Courtesy of Blackfive.

Probably one of the most heart warming and poignant, yet heart wrenching homecoming pics you’ll see. 3 Battalion, 5th Marine Regiment returns home and those who just got back get to see those who were wounded on their tour for the first time. If you’ve every wondered about the brotherhood and the bond combat infantrymen form, this picture tells you all you’ll ever need to know:

Welcome home, Marines.

The Dark Horse Marines and Their Corpsmen

Posted By Blackfive • [April 11, 2011]

Over 175 Marines of the 3rd Battalion, 5th Regiment (Dark Horse), were wounded and 24 killed in action in the last seven months in Afghanistan. They took more casualities than any other Marine unit in the almost 10 years the Marines have been fighting in Afghanistan.
The Dark Horse are ready to come home:

There's been a few articles on the fighting that these men have seen - from the great Tony Perry of the LA Times comes this piece about the price being paid:
Lance Cpl. Juan Dominguez, 26, of Deming, N.M., an infantry “grunt,” had dreamed of going into combat as a Marine since he was barely out of grade school.
What happened to him in Sangin shows the price being paid for a cam- paign to cripple the Taliban in a key stronghold and help extricate America from a war now in its 10th year.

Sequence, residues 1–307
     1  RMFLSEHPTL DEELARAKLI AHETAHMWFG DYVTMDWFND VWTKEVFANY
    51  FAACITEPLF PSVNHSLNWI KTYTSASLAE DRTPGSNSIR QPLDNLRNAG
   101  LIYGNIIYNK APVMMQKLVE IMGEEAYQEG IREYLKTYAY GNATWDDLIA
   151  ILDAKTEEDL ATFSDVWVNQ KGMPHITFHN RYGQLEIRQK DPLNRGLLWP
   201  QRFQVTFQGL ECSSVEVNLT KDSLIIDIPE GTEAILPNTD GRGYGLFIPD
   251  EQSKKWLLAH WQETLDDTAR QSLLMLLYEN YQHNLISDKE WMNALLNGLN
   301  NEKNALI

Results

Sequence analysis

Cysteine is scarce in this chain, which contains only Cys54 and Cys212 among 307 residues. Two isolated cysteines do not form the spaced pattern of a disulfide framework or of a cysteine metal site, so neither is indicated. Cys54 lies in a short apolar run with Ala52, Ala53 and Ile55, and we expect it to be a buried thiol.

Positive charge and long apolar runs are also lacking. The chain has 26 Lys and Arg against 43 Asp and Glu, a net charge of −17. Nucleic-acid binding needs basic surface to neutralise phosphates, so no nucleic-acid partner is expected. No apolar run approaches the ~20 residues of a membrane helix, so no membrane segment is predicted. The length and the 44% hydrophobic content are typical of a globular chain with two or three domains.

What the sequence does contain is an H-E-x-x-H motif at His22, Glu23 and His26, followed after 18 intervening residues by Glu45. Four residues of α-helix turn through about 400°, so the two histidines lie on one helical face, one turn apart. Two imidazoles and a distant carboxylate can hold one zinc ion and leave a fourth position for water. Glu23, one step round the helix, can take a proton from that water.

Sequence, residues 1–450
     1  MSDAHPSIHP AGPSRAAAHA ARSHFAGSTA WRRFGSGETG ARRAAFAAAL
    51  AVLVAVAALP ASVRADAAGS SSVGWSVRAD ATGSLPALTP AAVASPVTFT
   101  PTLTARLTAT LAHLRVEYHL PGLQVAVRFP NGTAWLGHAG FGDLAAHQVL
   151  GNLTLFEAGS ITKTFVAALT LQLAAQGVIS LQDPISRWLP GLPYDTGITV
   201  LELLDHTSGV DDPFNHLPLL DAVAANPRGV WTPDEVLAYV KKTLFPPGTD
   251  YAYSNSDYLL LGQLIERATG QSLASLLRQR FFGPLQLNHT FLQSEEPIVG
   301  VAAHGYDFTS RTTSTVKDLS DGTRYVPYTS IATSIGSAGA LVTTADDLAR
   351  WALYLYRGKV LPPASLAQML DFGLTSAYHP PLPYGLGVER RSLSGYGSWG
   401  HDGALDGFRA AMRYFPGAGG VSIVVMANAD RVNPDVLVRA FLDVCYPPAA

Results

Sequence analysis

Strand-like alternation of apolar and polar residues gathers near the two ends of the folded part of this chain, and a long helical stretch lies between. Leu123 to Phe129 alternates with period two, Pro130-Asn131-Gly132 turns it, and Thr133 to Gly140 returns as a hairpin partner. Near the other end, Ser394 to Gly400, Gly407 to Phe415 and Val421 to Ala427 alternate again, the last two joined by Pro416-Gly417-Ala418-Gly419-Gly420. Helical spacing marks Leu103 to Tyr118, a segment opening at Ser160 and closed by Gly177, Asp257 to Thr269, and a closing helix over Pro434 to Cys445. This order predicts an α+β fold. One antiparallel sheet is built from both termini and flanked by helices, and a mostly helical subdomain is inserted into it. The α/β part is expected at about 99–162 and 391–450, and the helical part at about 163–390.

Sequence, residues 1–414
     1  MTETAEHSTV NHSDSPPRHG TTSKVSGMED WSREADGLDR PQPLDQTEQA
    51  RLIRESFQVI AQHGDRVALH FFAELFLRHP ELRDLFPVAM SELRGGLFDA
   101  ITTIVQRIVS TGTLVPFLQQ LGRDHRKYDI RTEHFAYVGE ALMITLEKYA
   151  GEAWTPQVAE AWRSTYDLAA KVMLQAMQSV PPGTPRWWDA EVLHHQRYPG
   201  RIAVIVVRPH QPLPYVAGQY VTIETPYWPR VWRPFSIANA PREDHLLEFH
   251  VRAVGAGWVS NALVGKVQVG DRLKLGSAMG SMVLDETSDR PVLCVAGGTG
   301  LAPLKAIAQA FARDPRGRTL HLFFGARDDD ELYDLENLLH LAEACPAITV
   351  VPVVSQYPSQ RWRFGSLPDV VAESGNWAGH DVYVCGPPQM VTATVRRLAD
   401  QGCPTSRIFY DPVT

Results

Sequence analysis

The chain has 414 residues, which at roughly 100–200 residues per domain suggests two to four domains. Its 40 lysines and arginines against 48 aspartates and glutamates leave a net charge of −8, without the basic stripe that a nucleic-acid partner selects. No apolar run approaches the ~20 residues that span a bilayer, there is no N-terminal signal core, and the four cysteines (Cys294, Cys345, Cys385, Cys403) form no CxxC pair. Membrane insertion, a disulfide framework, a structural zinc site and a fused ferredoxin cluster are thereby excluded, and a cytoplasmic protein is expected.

The explosion could be heard for miles
When Dominguez slipped down a small embankment while out on patrol and landed on a buried bomb, the explosion could be heard for miles.
“It had to be a 30- to 40-pounder,” Dominguez said from his bed at the military hospital in Bethesda, Md. “I remember crying out for my mother and then crying out for morphine. I remember them putting my legs on top of me.”
His legs were severed above the knee, and his right arm was mangled and could not be saved. A Navy corpsman, risking sniper fire, rushed to Dominguez and stopped the bleeding. On the trip to the field hospital, Dominguez prayed.
“I figured this was God’s will, so I told him: ‘If you’re going to take me, take me now,’ “ he said.
His memories of Sangin are vivid. “The part we were in, it’s hell,” he said. “It makes your stomach turn. The poor families there, they get conned into helping the Taliban.”...
If you notice above, a Navy Corpsman risked his life to save Dominguez. To those of us that know a few Corpsmen, this is not a surprise. If it wasn't for them, the number of KIA (24) would have been much much higher.
So who was that brave Corpsman, doing his job, saving his Marines?
I'm not sure, but this Corpsman saved someone like Dominguez:
One of the most recent of the regiment's wounded is Navy corpsman Stuart Fuke, 22, of Honolulu, wounded in the thigh during a foot patrol a week ago. A Marine buddy stopped Fuke's bleeding with rolls of gauze as sniper fire snapped overhead.

In six months of patrols, Fuke, who was on his second tour in Afghanistan, has provided emergency battlefield care to numerous Marines shot by Taliban snipers or wounded by buried bombs.
In one skirmish, Fuke had a Marine buddy "die in my arms" after being hit; in another he was able to stem the bleeding and save the life of an agonized Marine who lost both legs and his right arm; and in yet another incident, he watched in horror as a Navy corpsman had his legs blown off...
Doc Fuke is exactly the reason why Corpsmen and Combat Medics don't pay for drinks around the grunts. They risk everything for the chance, however slim, to save your life.
I don't know how this country continues to produce men like Dominguez and Fuke, but I'm very thankful that we do.